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Cops paint scenario in the event of 'Dudus' extradition

Friday, March 19, 2010    

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THERE is growing fear among some members of the island's security forces that if Christopher 'Dudus' Coke has to be extradited, elements of the criminal underworld could put aside political differences to wage a united battle against law and order.

Three senior lawmen with understanding of how local gangs operate, Wednesday said they believed such a situation was very possible. The cops requested that their names not be disclosed, as they were not authorised to speak to the Observer.

"We are not ruling out anything at this time," said one of the lawmen who, at the same time, warned that the police would not cower in fear in the face of any such assault.

The other two cops, each with over 10 years' experience in the force, referred to the incident that occurred in 1998 when Donald 'Zeeks' Phipps, then PNP strongman from the Matthews Lane area, was first held by police, as evidence of a scenario that could be re-enacted.


The cops recalled that over 1,000 angry, placard-bearing protesters converged on the Central Police Station in downtown Kingston where Zeeks was being held, shouting "Justice for Zeeks!" and demanding his release.

"The angry mob, some of them not PNP (People's National Party) supporters, protested for two days demanding that if Zeeks was not released, life would not return to normal," one of the senior lawmen recalled.

The incident resulted in the death of one person and the injury of several others. Phipps was later brought onto a balcony where he was allowed to address his supporters, calling for calm from a police megaphone.

The lawmen said they believed that the Zeeks incident would pale in comparison to what could take place in the case of 'Dudus', the Tivoli Gardens don.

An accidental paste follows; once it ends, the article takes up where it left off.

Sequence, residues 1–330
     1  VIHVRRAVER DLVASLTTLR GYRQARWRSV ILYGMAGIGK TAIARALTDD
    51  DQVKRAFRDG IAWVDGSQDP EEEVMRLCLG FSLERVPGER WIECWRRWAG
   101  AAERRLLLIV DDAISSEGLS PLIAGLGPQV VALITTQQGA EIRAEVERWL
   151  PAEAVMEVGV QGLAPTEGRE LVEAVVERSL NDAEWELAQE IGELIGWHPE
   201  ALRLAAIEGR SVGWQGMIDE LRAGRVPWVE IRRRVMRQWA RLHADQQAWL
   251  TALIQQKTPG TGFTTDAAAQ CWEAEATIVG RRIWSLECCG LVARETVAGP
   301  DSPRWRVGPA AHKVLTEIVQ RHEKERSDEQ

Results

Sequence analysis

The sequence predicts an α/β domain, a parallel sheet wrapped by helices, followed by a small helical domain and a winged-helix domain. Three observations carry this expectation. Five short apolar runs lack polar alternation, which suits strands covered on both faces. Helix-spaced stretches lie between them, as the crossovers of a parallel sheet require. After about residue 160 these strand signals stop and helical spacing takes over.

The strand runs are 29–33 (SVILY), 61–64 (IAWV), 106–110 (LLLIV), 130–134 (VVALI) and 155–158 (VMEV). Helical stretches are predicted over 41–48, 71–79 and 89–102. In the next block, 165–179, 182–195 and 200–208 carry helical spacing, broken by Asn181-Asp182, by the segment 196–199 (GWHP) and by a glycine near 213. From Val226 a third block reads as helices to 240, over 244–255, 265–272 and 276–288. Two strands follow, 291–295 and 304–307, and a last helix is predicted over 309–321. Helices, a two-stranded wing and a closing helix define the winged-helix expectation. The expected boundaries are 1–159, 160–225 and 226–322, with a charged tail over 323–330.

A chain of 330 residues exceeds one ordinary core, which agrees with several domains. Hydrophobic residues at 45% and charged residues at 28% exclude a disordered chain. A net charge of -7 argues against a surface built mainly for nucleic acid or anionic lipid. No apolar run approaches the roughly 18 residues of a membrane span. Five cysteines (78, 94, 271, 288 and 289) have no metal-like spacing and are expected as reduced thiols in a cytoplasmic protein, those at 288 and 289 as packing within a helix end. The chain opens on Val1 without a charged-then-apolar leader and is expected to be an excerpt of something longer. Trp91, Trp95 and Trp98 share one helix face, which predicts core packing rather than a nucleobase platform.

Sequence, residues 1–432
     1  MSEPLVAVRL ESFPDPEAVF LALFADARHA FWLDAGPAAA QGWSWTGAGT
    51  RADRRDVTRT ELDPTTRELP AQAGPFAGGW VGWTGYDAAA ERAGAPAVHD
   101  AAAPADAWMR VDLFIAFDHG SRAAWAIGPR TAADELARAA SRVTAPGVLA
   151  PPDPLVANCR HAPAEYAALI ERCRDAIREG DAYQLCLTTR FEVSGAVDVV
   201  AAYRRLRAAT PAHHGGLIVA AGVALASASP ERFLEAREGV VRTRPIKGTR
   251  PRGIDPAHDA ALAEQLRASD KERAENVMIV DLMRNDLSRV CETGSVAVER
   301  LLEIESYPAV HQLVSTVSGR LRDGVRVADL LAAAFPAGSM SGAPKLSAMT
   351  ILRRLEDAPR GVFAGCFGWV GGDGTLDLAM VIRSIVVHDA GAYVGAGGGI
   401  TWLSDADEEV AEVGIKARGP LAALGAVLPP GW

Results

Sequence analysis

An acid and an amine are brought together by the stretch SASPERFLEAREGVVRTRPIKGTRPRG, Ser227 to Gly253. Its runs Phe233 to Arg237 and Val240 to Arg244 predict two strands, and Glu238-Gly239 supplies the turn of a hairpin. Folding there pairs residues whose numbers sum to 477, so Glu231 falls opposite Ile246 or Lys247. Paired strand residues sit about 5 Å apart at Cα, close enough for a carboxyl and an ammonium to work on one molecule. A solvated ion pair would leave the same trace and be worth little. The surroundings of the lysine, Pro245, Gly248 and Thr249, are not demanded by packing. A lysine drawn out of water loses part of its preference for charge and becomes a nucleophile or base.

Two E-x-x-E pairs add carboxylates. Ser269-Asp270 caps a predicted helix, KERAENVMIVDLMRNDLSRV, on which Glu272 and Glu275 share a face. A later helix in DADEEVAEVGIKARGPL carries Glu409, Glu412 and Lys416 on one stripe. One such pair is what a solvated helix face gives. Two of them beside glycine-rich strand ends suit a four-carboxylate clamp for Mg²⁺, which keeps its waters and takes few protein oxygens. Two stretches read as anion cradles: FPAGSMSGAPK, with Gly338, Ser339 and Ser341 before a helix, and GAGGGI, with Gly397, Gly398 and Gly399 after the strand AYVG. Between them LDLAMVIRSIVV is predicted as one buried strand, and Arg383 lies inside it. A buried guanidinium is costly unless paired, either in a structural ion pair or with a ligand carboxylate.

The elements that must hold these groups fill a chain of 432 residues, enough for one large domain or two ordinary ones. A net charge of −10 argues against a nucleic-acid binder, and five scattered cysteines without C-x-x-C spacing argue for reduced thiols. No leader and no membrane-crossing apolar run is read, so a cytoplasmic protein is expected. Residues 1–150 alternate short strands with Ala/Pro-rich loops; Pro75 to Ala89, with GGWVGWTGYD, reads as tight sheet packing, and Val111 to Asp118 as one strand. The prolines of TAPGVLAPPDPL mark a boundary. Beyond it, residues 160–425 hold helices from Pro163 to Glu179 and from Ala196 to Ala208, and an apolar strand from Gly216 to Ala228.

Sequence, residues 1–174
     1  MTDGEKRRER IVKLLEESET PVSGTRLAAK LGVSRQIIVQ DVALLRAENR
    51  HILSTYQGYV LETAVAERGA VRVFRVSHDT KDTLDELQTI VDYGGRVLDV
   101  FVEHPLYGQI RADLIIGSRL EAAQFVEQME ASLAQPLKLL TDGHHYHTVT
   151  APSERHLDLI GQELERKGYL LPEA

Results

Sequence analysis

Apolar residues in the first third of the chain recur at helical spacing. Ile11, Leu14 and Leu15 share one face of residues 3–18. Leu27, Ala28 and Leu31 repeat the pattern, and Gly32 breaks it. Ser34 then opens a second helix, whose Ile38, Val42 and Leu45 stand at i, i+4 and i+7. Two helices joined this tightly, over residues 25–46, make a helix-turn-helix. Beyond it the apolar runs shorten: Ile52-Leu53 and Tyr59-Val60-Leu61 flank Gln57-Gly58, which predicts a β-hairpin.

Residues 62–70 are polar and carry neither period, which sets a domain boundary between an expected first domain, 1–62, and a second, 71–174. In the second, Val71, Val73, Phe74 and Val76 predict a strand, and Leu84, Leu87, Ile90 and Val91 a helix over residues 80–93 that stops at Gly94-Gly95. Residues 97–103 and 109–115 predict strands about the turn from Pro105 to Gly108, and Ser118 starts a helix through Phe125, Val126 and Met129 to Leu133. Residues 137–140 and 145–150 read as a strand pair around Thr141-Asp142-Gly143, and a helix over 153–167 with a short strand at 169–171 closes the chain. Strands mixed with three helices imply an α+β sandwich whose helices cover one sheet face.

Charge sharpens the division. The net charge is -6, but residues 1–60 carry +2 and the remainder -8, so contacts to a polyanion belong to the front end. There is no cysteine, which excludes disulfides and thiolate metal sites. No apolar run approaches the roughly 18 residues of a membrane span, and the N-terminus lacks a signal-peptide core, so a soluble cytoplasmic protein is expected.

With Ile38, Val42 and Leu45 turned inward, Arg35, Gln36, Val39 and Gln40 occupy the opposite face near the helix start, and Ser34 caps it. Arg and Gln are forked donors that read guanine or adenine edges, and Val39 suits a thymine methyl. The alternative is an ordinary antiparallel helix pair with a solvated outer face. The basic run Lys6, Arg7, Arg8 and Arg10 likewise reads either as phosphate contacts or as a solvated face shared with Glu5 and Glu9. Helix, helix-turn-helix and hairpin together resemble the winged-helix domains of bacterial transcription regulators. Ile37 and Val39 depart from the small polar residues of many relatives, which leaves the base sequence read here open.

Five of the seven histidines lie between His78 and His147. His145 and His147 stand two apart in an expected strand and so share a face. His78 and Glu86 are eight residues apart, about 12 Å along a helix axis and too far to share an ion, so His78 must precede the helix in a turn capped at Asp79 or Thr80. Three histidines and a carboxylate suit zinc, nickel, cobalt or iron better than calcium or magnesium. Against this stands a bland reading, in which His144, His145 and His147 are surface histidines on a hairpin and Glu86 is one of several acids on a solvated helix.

"Right now, there is a strong belief that Tivoli Gardens is a 'stronghold' revered by gangs from all political corners," one of the senior officers suggested to the Observer.

Another member of the group shared the same view but believed that other gangs from across the island could get involved for other reasons.

"What you have to understand is that many of the criminals, because of 'assistance' that Tivoli may have provided for them in the past (in terms of equipment), might want to join hands and help to create diversions to draw the police attention away from the area," said the cop.

National Security Minister Dwight Nelson has gone on record as saying that high-level police intelligence revealed that 268 gangs were operating throughout Jamaica.

He said Government was focusing on preparing strong anti-gang legislation that would target, infiltrate and dismantle criminal gangs.

The legislation, Nelson said, would also identify and arrest members of criminal gangs; ensure long sentences for gang members; conduct a thorough historical and proactive investigation into the activities of gang members; and develop intelligence as to each member's association with and participation in gangs.

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